I don't know about Gabriel. Gabriel is not shy about his mischief. He's arrogant and playful and he really enjoys messing with the Winchesters. I think as soon as his deception was revealed, he'd probably admit who he was. This entity seemed more serious and seemed to have a gentle seriousness to him. That's not to say it couldn't be somebody evil. But the way he spoke to Sam was serious and seemed to have some fondness to it, which doesn't fit the Gabriel we've seen before.

My money's on God. That "God helps those who help themselves" could be something that God would say, and it could have different meanings. If it's not God, I really have no idea who it could be.
posted by Ursula Hitler at 3:56 AM on November 1, 2015


Gabriel's an interesting thought. Before we saw Matt Cohen, I actually thought it was Mark Pellegrino's voice for a second, and after seeing the scene, I think there's at least an outside possibility it could be Lucifer, and not just because I prefer God to stay out of things on this show (or at least stick to chilling at high school musical adaptations of His pulp novels while a Greek muse tries to eat Him.)

Both Lucifer and Gabriel had their turns at fooling and not fooling Sam, and "God helps those who help themselves" sounds like something an embittered angel might come out with to egg on a poor confused mortal. I feel like there've been a couple of times where Gabriel specifically impersonated someone or something to try and get Sam around to his way of thinking, until Sam caught on, which is sort of what happened here. If Gabriel is alive somehow, I could imagine him intervening to try and get the Winchesters to fix things, without actually wanting them to know he was back in the mix. (I mean, who could blame him.)

I'm still leaning towards Lucifer, though--caged seems less final than dead, even for this show, and it would help explain why, when Sam prayed for a sign of hope, he got a Hell flashback.

Really, really liked this episode.
posted by jameaterblues at 7:40 AM on November 1, 2015


Now I'M starting to wonder about Lucifer too. He's a quiet sort, and often seemed to have kind of a sarcastic sympathetic attitude. Like he'd flay you and say, "Ouch, buddy. Not having a real good day, huh?" So it could be that what I was taking for genuine fondness for Sam was just more of Lucifer's sly, faux-friendliness. And it would gibe with the tortures Sam saw in his vision. If the Winchesters end up allying with Lucifer, that will be... interesting. It sure wouldn't be good news for Crowley.
posted by Ursula Hitler at 4:41 PM on November 1, 2015 [1 favorite]


Is Lucifer still stuck in the cage with Michael and the third Winchester brother whom we shall never speak of again? Also, was there some demon referencing the "cage" earlier this season to Crowley? (I can't recall) Sam definitely had something like a flash to a scene from Hell, so perhaps he's getting messages from down under so to speak.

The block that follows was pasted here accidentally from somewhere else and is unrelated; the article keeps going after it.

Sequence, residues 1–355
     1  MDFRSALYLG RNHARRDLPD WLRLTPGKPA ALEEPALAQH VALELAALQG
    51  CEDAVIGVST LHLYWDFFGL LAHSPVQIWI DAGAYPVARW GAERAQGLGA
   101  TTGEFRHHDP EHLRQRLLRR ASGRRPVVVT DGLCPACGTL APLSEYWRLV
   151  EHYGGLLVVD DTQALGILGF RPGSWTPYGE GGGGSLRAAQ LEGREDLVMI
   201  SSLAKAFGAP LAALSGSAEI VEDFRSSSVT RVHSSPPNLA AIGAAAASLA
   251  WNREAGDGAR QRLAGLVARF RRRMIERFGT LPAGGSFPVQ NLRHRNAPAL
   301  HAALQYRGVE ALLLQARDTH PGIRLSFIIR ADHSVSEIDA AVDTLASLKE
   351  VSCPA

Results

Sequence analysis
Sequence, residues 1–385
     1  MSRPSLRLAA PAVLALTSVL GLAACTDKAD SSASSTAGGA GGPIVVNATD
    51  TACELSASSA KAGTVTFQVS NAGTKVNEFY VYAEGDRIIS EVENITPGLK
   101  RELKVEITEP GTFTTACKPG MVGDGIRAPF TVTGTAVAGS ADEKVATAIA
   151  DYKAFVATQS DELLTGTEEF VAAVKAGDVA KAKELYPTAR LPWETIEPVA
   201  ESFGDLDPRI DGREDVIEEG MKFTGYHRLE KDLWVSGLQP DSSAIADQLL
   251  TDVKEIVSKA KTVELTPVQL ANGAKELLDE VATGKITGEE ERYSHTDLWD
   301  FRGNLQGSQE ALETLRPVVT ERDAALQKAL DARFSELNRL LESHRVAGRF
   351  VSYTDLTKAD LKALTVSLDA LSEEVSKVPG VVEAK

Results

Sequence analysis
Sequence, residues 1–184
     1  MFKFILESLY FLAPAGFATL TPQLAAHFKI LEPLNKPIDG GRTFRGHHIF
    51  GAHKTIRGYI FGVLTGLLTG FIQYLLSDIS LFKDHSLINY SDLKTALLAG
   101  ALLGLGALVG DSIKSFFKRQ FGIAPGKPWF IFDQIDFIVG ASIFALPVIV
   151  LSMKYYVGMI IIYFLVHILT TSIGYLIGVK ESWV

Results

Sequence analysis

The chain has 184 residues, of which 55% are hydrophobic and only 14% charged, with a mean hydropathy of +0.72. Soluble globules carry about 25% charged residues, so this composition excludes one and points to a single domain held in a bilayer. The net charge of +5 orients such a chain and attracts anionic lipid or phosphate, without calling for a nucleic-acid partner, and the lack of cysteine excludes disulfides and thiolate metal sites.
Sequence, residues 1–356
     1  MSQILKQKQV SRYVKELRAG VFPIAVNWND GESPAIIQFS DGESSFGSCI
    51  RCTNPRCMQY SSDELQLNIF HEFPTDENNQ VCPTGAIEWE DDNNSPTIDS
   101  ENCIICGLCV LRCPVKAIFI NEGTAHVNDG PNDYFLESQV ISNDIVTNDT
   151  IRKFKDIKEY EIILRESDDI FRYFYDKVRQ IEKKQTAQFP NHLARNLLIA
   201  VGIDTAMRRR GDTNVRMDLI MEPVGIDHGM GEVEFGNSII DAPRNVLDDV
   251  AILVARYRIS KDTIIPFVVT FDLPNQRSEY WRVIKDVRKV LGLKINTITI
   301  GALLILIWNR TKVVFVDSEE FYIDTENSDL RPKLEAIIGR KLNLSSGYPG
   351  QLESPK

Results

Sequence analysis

I do kind of like the idea of God returning, but it definitely wouldn't work well for the show. A lot of the show's underlining premises are based on the idea that God isn't there just to fix it.

I wonder if Dean's surprising bit of knowledge about the origin of "God helps those who help themselves," isn't indicative of the identity of the individual playing their father. Dean tossed it back beyond the Bible to Aesop's Fables and beyond. It's an old saying, so perhaps someone or something from the start of time. Hrm.

Going to the episode...I loved it. First, it was an awesome turning on its head version of a bottle episode. Everything happens in one location, but that location is perpetually moving. It's like setting something on a train car, but far more dynamic. I also felt a little closed in, too, as I watched. Perhaps the one thing I didn't care for as much was the opening shot of Dean in the back of the car. I'm not sure if it was really necessary and I'm just starting to tire of the conceit of "XX hours/days earlier," jumps. The lingering shots on items left or dropped in the car, the waitress' hair pin, the machete and the girl's purse weren't too lingering to overstate their future uses.

The interactions between the brothers was the best. The honesty and dialogue was something I've been yearning for over seasons of this show. I'd like to think that they asked themselves, "What is Supernatural?" And they answered, "It's about two brothers traveling across the country in their black Chevy fighting monsters." That's how this episode was born, I want to believe, and I want to further believe it's a sign the writers are serious about returning the show to these roots.

I guess it's a wait and see.
posted by Atreides at 7:04 AM on November 2, 2015 [1 favorite]